MMS1 and the repair of replication-dependent DNA damage in saccharomyces cerevisiae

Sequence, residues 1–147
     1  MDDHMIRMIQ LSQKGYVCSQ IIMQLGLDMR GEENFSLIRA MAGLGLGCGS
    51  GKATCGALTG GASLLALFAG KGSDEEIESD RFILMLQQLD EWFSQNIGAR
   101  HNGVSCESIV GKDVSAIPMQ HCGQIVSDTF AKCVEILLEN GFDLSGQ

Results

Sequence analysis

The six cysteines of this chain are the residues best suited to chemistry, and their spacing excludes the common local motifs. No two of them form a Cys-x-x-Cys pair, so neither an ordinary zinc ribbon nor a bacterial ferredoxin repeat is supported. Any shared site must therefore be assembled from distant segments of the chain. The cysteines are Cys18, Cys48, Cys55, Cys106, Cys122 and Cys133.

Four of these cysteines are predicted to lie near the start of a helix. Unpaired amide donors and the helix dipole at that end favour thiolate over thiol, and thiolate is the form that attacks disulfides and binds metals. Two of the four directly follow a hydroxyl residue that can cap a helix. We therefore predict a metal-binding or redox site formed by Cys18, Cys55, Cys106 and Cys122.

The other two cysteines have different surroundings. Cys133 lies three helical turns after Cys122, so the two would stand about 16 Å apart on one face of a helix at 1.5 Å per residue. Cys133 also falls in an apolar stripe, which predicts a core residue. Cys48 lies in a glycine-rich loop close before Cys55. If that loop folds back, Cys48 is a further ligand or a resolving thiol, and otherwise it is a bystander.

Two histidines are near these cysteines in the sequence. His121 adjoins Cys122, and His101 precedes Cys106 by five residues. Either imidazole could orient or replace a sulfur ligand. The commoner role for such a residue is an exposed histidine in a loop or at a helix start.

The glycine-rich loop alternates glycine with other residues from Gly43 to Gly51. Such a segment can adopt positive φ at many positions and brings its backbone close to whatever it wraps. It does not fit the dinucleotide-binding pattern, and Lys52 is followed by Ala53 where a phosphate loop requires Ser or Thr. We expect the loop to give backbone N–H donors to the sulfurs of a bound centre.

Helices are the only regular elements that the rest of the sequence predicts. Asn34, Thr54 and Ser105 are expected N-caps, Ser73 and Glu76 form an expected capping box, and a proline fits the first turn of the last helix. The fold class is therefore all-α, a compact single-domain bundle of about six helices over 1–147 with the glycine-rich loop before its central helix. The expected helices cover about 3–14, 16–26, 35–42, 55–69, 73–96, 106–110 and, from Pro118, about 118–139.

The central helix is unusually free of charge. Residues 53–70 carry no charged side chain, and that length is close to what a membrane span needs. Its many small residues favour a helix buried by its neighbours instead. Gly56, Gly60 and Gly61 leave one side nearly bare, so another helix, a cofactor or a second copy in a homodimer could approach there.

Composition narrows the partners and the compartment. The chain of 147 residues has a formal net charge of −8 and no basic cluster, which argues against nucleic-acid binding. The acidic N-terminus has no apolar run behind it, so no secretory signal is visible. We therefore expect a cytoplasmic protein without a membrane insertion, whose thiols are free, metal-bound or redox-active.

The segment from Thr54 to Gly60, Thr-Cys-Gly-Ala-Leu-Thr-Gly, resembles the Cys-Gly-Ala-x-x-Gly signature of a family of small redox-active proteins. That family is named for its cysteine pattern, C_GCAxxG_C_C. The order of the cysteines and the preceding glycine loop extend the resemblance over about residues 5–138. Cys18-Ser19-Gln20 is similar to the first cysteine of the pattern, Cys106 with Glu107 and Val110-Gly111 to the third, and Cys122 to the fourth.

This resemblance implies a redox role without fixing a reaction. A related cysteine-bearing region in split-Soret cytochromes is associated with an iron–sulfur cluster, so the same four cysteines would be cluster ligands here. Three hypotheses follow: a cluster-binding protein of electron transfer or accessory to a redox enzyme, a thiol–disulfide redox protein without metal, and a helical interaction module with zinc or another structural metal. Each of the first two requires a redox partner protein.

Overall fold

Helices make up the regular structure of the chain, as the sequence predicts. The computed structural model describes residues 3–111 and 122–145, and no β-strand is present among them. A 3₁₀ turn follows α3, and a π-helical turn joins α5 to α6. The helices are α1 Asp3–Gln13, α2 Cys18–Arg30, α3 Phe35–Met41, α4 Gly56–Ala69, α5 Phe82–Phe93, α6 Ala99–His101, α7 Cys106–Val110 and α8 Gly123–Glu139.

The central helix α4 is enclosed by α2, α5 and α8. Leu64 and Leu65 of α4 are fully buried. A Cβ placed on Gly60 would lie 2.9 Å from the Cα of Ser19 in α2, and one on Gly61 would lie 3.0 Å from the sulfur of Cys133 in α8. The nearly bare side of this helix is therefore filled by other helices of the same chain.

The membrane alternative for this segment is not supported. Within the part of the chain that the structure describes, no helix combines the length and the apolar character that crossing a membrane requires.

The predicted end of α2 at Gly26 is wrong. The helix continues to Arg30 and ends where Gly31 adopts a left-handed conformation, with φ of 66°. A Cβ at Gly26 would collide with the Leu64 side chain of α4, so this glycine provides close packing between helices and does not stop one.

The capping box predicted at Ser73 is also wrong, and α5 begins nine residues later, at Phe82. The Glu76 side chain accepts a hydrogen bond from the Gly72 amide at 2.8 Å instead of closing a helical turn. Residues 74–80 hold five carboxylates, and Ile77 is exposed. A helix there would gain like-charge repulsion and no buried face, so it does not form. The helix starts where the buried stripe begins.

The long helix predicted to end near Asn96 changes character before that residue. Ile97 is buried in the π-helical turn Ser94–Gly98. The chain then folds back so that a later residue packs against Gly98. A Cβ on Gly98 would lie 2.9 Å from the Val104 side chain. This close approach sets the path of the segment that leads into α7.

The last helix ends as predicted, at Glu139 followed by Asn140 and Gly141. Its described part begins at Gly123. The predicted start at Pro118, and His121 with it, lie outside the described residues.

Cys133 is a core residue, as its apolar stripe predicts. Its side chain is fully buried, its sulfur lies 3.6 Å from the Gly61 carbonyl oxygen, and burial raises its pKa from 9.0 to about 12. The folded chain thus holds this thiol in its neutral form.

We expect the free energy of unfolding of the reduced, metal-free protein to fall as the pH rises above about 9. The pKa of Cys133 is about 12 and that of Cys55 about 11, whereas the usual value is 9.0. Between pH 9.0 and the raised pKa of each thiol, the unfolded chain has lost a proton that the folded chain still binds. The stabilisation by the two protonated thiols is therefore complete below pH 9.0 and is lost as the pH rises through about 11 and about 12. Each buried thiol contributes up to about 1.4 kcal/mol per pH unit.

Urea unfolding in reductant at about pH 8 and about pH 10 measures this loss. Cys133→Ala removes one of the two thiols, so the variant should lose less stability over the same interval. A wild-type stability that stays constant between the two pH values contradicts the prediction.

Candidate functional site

In an effort to characterize DNA alkylation repair, a series of yeast mutants were isolated that are sensitive to killing by the monofunctional DNA alkylating agent methyl methanesulfonate (MMS) but not by UV or X radiation (Prakash and Prakash, 1977, Genetics 86: 33-55). Our laboratory cloned and sequenced one of the corresponding genes, 'MMS1'. The 'mms1'[Delta] mutant is sensitive to MMS, as well as to a variety of other DNA alkylating agents. Contrary to what was reported for the 'mms1-1' mutant, 'mms1'[Delta] cells do display a minor sensitivity to killing by UV and ionizing radiation. The ' mms1'[Delta] mutant displays a 'RAD9'-dependent slow growth phenotype, as well as an abnormal cellular morphology shared by recombination-defective mutants. 'mms1'[Delta] mutants show an elevated level of spontaneous DNA damage and genomic instability, as indicated by hyperrecombinant and mutator phenotypes, and an elevated basal level expression of DNA damage-inducible genes. Epistasis analysis showed that 'MMS1' is not a member of the base excision, nucleotide excision, or postreplication repair pathways. Rather, 'rad52'[Delta], defective for recombination, is epistatic to 'mms1'[Delta] for MMS-sensitivity. This was surprising, since all known 'RAD52' group mutants are extremely ã-sensitive, whereas 'mms1'[Delta] cells are not. It is hypothesized that MMS can induce replication-dependent double strand breaks, while the double strand breaks induced by ã radiation are considered to be replication-independent. It was therefore proposed that Mms1 is required for the repair of replication-dependent DNA strand breaks. In support of this, 'mms1'[Delta] cells were shown to be sensitive to killing by treatments known to induce replication-dependent DNA strand breaks, such as camptothecin, hydroxyurea, and incubation of a ' cdc2-2' strain at the restrictive temperature. Not only is ' rad52'[Delta] epistatic to 'mms1'[Delta] for MMS-sensitivity, but this relationship holds true for camptothecin sensitivity as well. Together these results implicate Mms1 in the Rad52-dependent repair of replication-dependent DNA strand breaks, and provide evidence for a postreplication repair-independent mechanism for the repair of DNA damage incurred during S phase of the cell cycle.